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Synthetic Protocol forms 3D Porous Organic Network in Seconds

29 November 2017

This is a solid-state explosion of bulk HEA crystals. Source: UNISTThis is a solid-state explosion of bulk HEA crystals. Source: UNIST

A team of Korean researchers, affiliated with UNIST, has recently announced the principle of producing porous organic materials in the blink of an eye. This is similar to the mechanism of chemical reaction in explosives, in which pulling the trigger causes the detonator to explode.

The breakthrough has been led by Professor Jong-Beom Baek in the School of Energy and Chemical Engineering at UNIST. The study demonstrates a synthetic protocol for the formation of a 3D porous organic network via a solid-state explosion of organic single crystals.

Three-dimensional porous materials have a high surface area, which could be useful for various applications, such as catalytic supports, gas capture and storage, energy conversion and storage, optoelectronics and semiconductors. Typical examples are zeolites and zeolite-like materials. But in recent years, extensive studies have been conducted to produce porous materials from more durable organic materials. They make sure of a synthetic approach to produce a 3D porous organic network in liquid-phase reactions in the presence of suitable solvents and/or catalysts. However, the resultant products are of a low purity and therefore post-treatment for purification became necessary.

Professor Baek and his team introduced a new synthetic methodology for fabrication of a 3D porous organic network with high specific surface area via a solid-state explosion of organic single crystals containing primer molecules. The explosive reaction is realized by the Bergman reaction of three enediyne groups on 2,3,6,7,14,15-hexaethynyl-9,10-dihydro-9,10-[1,2]benzenoathracene (HEA), which is a self-polymerizable trifunctional (M3) building block with three enediyne groups. In general, solid-organic materials can easily melt when heat is applied. However, their newly-developed HEA single crystals trigger an explosive Bergman reaction and quickly changes to 3D porous materials, without the presence of solvents and catalysts when heat is applied.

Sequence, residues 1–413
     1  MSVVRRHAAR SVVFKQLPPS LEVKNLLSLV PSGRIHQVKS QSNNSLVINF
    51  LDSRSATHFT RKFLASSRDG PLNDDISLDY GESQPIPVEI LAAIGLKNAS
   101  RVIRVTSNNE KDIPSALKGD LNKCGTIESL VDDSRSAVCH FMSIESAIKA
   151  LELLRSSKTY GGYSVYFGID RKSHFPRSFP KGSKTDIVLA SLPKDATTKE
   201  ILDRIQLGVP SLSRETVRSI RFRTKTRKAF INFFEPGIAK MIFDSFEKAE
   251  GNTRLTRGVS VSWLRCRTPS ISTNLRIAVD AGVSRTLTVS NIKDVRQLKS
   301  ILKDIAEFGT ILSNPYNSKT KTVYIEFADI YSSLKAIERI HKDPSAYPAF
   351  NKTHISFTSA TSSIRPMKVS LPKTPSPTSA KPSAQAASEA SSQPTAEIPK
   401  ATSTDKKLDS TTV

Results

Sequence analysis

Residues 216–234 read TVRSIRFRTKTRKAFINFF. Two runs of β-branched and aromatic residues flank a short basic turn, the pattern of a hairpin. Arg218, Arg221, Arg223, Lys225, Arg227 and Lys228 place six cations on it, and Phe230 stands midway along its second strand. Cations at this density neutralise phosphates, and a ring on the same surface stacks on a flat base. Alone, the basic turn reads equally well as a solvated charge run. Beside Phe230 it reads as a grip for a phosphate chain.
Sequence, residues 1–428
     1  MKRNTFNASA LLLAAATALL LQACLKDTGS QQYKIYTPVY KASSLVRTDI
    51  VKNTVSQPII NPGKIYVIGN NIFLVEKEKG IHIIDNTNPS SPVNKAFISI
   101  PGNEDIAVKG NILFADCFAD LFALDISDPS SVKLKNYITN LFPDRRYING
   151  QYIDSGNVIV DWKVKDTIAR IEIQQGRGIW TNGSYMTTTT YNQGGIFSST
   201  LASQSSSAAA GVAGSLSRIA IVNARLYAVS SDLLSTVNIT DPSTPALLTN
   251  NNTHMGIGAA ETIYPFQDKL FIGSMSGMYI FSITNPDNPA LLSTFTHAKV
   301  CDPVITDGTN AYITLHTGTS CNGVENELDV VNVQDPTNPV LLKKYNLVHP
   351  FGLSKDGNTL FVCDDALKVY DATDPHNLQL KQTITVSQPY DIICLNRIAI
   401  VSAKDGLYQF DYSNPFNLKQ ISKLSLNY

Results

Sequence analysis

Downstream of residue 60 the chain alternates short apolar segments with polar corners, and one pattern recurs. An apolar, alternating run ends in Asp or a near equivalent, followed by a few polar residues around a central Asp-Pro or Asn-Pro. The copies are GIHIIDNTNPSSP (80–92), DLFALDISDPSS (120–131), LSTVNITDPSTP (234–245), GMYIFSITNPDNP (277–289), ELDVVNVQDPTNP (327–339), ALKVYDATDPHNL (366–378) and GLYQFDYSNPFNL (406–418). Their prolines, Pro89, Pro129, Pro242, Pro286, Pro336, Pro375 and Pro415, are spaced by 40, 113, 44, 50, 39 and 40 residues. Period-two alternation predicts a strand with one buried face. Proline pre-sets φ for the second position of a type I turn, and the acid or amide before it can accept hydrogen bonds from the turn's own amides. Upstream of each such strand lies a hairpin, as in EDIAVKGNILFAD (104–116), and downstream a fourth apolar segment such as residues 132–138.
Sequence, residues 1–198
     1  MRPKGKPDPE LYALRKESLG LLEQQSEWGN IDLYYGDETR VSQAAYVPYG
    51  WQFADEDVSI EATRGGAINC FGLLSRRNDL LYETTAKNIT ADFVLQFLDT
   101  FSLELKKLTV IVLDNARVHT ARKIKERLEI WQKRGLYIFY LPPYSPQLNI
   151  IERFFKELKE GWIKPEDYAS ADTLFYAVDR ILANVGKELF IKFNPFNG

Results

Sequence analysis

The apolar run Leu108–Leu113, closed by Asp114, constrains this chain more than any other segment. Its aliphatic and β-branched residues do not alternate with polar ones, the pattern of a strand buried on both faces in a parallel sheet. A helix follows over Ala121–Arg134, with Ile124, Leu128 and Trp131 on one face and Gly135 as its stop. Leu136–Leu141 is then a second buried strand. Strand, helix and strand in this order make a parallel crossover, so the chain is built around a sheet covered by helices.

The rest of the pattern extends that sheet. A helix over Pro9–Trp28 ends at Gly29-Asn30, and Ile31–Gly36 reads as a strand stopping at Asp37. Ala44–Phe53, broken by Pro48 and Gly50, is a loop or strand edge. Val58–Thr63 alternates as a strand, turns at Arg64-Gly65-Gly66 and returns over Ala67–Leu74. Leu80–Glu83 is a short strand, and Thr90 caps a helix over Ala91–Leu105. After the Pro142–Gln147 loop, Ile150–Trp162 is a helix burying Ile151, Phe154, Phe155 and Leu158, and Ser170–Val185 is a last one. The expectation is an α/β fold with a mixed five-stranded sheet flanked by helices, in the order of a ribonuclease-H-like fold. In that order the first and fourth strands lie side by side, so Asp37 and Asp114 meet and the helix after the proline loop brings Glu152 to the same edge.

"Solid-state reaction can yield products of high purity and therefore post-treatment for purification may become not necessary," says Dr. Seo-Yoon Bae in the School of Energy and Chemical Engineering, the first author of the study. "Besides, the resultant products are of high purity and therefore they have more advantages than a solution or gas-phase reactions."

The HEA single crystal consists of nine HEA molecules with two acetone and one water molecules in the lattice. Huge exothermic heat is explosively released because the boiling point of water and acetone is low, according to the research team. Because water boils at 100°C and acetone boils at 56°C, there is an increase in the kinetic energies between the two molecules when heat is applied. Before the organic single crystals melt, the acetone and water molecules (primer to trigger explosion) is released outside, HEA molecules in the crystal lattice start rearranging and this is followed by huge exothermic heat proceeds.

The paper on this study was published in Nature Communications.

To contact the author of this article, email Siobhan.Treacy@ieeeglobalspec.com


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